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UNITED STATES
SECURITIES AND EXCHANGE COMMISSION
Washington, D.C. 20549

FORM 10-K

(Mark One)    

ý

 

ANNUAL REPORT PURSUANT TO SECTION 13 OR 15(d) OF THE SECURITIES EXCHANGE ACT OF 1934

For the fiscal year ended December 31, 2011

or

o

 

TRANSITION REPORT PURSUANT TO SECTION 13 OR 15(d) OF THE SECURITIES EXCHANGE ACT OF 1934

For the transition period from                to              

Commission file number: 0-27644



Digital Generation, Inc.
(Exact name of registrant as specified in its charter)

Delaware
State or other jurisdiction of incorporation or organization
  94-3140772
(I.R.S. Employer Identification No.)

750 West John Carpenter Freeway, Suite 700
Irving, Texas
(Address of principal executive offices)

 

75039
(Zip Code)

(972) 581-2000
Registrant's telephone number, including area code

          Securities registered pursuant to Section 12(b) of the Act:

Title of each class   Name of each exchange on which registered
Common Stock   NASDAQ Global Select Market

          Securities registered pursuant to section 12(g) of the Act: None



          Indicate by check mark if the registrant is a well-known seasoned issuer, as defined in Rule 405 of the Securities Act. Yes o    No ý

          Indicate by check mark if the registrant is not required to file reports pursuant to Section 13 or Section 15(d) of the Act. Yes o    No ý

          Indicate by check mark whether the registrant (1) has filed all reports required to be filed by Section 13 or 15(d) of the Securities Exchange Act of 1934 during the preceding 12 months (or for such shorter period that the registrant was required to file such reports) and (2) has been subject to such filing requirements for the past 90 days. Yes ý No o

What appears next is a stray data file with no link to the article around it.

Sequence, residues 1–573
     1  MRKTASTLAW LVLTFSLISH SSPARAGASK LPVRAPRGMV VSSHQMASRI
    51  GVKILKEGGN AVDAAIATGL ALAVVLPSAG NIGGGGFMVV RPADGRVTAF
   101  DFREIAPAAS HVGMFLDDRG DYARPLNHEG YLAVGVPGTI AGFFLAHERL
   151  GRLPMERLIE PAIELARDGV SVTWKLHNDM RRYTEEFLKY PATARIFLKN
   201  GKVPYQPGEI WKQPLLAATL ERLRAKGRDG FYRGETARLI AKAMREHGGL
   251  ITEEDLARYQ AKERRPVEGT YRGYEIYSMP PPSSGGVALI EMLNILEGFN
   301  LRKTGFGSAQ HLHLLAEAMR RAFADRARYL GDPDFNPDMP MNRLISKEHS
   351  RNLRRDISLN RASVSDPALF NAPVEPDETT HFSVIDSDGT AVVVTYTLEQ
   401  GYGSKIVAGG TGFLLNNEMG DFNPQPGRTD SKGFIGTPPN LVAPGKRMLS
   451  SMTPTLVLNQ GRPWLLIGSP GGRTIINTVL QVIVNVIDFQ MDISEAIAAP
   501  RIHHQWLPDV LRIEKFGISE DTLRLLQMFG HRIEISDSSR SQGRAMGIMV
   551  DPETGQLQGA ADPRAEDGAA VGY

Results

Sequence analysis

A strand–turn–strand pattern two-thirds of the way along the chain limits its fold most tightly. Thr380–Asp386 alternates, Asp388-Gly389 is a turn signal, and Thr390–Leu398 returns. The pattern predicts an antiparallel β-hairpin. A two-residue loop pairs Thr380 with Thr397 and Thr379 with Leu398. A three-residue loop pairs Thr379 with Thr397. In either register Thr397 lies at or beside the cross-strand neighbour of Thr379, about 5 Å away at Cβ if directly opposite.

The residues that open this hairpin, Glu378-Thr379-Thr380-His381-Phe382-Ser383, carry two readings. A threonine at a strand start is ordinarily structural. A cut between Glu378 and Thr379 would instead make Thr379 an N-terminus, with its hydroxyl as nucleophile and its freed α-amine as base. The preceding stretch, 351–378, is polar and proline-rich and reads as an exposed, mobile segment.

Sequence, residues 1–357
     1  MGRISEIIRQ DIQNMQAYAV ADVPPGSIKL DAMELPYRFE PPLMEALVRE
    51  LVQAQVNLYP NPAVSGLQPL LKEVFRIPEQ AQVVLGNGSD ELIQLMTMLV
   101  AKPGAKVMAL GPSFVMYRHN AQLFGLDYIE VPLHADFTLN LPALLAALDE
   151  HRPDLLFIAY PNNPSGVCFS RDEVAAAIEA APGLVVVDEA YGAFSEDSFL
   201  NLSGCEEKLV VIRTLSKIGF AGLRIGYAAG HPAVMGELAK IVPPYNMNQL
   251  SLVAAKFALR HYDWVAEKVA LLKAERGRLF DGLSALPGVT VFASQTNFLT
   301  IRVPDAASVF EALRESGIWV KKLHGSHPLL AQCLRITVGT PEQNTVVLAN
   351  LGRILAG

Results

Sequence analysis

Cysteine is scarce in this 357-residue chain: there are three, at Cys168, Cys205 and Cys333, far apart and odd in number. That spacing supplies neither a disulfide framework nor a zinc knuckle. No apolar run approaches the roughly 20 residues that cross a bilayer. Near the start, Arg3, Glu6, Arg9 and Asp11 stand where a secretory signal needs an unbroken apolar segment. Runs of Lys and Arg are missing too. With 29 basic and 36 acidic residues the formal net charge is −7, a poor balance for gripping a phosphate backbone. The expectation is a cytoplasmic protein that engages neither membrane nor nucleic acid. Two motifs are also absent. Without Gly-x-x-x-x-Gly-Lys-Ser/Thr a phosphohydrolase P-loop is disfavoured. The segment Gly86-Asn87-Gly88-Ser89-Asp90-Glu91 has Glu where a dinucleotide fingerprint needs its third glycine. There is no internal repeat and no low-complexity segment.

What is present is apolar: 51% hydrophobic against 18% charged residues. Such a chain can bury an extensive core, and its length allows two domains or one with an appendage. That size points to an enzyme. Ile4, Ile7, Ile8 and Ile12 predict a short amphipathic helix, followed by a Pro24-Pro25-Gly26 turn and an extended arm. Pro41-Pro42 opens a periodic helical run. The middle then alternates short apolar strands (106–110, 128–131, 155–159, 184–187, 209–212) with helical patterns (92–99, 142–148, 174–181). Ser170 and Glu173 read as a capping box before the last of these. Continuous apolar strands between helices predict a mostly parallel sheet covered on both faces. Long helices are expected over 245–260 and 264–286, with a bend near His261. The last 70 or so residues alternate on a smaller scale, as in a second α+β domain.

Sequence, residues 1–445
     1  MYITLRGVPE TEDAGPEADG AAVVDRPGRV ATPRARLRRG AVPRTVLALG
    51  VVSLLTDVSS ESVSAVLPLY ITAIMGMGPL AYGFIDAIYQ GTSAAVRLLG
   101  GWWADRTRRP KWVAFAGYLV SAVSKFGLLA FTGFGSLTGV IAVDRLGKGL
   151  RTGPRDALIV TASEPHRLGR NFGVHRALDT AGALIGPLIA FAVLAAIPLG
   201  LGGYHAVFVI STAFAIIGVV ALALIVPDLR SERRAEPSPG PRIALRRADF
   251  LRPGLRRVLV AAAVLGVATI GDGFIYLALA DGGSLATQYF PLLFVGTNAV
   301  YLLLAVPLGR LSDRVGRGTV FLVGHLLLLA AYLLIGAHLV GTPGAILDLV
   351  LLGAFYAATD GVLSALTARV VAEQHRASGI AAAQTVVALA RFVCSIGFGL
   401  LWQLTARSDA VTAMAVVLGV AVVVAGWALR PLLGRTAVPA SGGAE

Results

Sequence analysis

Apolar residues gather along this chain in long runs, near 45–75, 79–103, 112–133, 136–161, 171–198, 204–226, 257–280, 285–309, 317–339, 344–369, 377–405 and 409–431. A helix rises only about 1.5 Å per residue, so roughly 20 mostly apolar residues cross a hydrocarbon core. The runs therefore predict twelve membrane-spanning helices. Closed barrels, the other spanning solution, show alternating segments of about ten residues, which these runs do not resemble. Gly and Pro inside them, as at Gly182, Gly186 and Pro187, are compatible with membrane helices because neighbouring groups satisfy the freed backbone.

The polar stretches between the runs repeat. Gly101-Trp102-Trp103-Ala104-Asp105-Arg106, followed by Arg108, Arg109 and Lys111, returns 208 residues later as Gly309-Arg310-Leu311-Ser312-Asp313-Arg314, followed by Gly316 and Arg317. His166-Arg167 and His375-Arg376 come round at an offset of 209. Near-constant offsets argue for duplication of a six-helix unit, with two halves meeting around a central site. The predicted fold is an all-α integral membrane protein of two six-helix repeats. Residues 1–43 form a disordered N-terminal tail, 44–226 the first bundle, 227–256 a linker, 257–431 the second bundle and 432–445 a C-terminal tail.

Indicate by check mark whether the registrant has submitted electronically and posted on its corporate Web site, if any, every Interactive Data File required to be submitted and posted pursuant to Rule 405 of Regulation S-T (§ 232.405 of this chapter) during the preceding 12 months (or for such shorter period that the registrant was required to submit and post such files). Yes ý No o

          Indicate by check mark if disclosure of delinquent filers pursuant to Item 405 of Regulation S-K (§ 229.405 of this chapter) is not contained herein, and will not be contained, to the best of registrant's knowledge, in definitive proxy or information statements incorporated by reference in Part III of this Form 10-K or any amendment to this Form 10-K. ý

          Indicate by check mark whether the registrant is a large accelerated filer, an accelerated filer, a non-accelerated filer, or a smaller reporting company. See the definitions of "large accelerated filer," "accelerated filer" and "smaller reporting company" in Rule 12b-2 of the Exchange Act.

Large accelerated filer ý   Accelerated filer o   Non-accelerated filer o
(Do not check if a
smaller reporting company)
  Smaller reporting company o